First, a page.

The Environment Agency (EA) team failed to inspect nearly half of the worst spills from water companies this year, the figures reveal.
The EA chief executive is facing questions after data seen by The Telegraph revealed that 12 of the 28 serious pollution incidents reported to the agency in the first six months of this year went unheeded.
The Environment Agency divides incidents into four categories, one and two of which are classified as “serious”, meaning they harm people, the environment or businesses.
Since 2018, one in four serious incidents at water companies has not been attended to by employees, the data shows, as activists have criticized the organization’s “incompetence”.
In May, Chief Executive Sir James Bevan told lawmakers on the Environment, Food and Rural Affairs (Efra) committee that the agency would “always put its boots on the ground” for a serious pollution incident.
Sir James now faces another cross-examination from lawmakers, who questioned why the data did not match their claims.
Sir Robert Goodwill, Conservative MP from Scarborough and Whitby and chairman of the Efra committee, said: “It is disappointing that, despite saying that they do respond to all incidents of this type, the data shows that they fall short of that promise.
“When we bring them to the committee again, that will be one of the questions we’re going to ask – if there’s a reasonable explanation as to why, or if they’re actually falling short of the performance goals they set, and if so what’s the reason.
“It could have been staff shortages because of Covid, recruitment issues, or it could be funding.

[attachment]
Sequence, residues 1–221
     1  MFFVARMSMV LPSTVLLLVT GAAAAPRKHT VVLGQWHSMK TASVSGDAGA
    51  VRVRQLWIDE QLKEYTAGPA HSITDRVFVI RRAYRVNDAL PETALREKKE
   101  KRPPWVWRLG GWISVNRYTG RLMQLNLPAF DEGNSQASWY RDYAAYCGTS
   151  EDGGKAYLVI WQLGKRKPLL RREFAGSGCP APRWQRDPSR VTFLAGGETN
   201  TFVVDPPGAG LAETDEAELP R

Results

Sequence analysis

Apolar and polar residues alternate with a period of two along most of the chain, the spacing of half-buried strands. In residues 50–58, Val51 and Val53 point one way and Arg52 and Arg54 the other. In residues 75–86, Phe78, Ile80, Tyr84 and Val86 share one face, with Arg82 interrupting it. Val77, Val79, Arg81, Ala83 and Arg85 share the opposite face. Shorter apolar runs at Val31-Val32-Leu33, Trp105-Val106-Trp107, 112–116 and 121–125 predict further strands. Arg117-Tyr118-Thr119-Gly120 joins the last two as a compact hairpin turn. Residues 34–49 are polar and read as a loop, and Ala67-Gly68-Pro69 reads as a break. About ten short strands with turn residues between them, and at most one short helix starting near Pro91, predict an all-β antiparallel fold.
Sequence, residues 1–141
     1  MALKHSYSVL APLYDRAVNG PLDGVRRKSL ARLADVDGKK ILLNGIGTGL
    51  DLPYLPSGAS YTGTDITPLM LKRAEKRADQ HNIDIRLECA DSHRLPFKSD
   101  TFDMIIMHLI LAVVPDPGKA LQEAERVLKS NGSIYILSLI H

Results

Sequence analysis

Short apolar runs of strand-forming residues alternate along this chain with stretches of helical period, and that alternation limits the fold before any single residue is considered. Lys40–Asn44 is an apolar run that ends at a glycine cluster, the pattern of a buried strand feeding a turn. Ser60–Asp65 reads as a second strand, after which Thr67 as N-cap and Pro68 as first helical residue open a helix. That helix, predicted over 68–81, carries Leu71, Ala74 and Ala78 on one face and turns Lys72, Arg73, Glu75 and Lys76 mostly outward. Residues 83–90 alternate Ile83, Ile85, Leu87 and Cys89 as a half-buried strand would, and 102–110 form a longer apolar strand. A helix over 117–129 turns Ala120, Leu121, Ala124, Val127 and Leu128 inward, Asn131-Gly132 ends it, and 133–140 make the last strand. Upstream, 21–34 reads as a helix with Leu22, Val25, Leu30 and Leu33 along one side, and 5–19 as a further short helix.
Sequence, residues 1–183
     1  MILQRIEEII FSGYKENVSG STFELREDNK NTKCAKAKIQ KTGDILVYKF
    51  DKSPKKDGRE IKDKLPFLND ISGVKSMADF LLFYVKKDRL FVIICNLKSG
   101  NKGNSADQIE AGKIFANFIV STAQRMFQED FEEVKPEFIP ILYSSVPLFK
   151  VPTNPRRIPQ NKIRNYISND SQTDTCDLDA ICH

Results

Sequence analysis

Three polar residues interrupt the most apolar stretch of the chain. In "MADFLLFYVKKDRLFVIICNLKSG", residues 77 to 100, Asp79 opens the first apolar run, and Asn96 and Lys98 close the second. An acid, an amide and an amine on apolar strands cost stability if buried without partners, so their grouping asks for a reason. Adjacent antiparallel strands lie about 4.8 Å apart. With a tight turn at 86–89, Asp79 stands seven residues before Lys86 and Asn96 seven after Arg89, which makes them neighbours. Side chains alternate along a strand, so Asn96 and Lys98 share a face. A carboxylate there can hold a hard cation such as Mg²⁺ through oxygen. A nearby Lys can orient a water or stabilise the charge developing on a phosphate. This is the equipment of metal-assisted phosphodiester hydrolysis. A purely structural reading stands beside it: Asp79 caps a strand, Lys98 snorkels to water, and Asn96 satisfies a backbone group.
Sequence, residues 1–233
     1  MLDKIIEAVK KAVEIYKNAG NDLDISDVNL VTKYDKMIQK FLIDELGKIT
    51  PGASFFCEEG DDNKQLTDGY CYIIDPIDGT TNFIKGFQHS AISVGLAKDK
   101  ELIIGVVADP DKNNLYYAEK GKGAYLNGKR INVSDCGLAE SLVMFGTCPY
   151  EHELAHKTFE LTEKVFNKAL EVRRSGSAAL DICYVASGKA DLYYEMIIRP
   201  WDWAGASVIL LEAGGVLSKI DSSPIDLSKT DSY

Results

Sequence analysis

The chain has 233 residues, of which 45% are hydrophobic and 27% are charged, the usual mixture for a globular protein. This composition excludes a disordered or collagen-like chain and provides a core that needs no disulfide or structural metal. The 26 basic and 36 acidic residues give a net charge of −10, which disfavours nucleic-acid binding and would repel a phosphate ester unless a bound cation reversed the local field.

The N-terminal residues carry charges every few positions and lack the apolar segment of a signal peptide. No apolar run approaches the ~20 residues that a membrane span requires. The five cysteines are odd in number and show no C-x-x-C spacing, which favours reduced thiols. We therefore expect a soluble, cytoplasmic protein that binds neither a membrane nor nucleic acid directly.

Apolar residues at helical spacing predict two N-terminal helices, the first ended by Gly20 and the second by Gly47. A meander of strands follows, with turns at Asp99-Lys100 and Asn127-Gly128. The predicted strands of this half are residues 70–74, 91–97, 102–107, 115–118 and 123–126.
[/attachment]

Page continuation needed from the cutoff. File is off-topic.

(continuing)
“It will be interesting to dig deeper into this data to explain this apparent discrepancy between what they said they did and what they are actually doing.”
The data also shows that many incidents considered low-level were later updated, suggesting that participating in seemingly low-level events is also important.
The data shows that a total of 1,484 pollution incidents were assessed as having a “potential” impact of Category 3 or 4 and subsequently given a final “actual” rating of 1 or 2, for the period 2017-2021.
Three-quarters of all 70,000 reported incidents since 2018 — including those related to water utilities and other polluters — have gone unaddressed, the data shows.
‘The incompetence of senior management at EA is exposed’
Feargal Sharkey, the Undertones frontman turned environmental activist, said: “This is not the first time the incompetence of senior management at the Environment Agency has been exposed.
“The mere idea that we can now enter into an ecocide that threatens the environment and also potentially threatens people’s lives has now been reduced to some sort of casual part-time care by the environmental agency.
“The responsibility for this lies with the board and senior management.”
Geraint Davies, the Labor MP who chaired the EA hearing, said: “The Environment Agency needs more powers and resources to protect the public from water companies that are more interested in maximizing profit by allowing sewage to pollute beaches than our public health”.
Rebecca Newsom, head of policy at Greenpeace UK, said: “The sewage scandal is out of control and it is completely wrong for the Environment Agency to pretend to have control over this when it clearly does not.
“But accountability ends with ministers who are responsible for significant budget cuts over many years that have crippled the watchdog and reduced its effectiveness.
“James Bevan must raise his hands, admit that he does not have the resources to face this crisis and demand that the government provide the necessary funding.
“Without beefing up our watchdogs with better funding and powers to crack down on environmental abuse, our rivers will turn into open sewers and our natural world will become a dumping ground for polluters who can get away with it.”
An Environment Agency spokesperson said: “The Environment Agency receives thousands of incident reports a year, from pollution to coastal erosion and flooding. Like any public organization, with finite resources, we will always focus our efforts on the biggest threats to the environment.
“However, we assess and record all incidents and will always be addressed if there is any significant risk to people or the environment. All the information we receive is used to shape regulatory interventions where it is most needed.”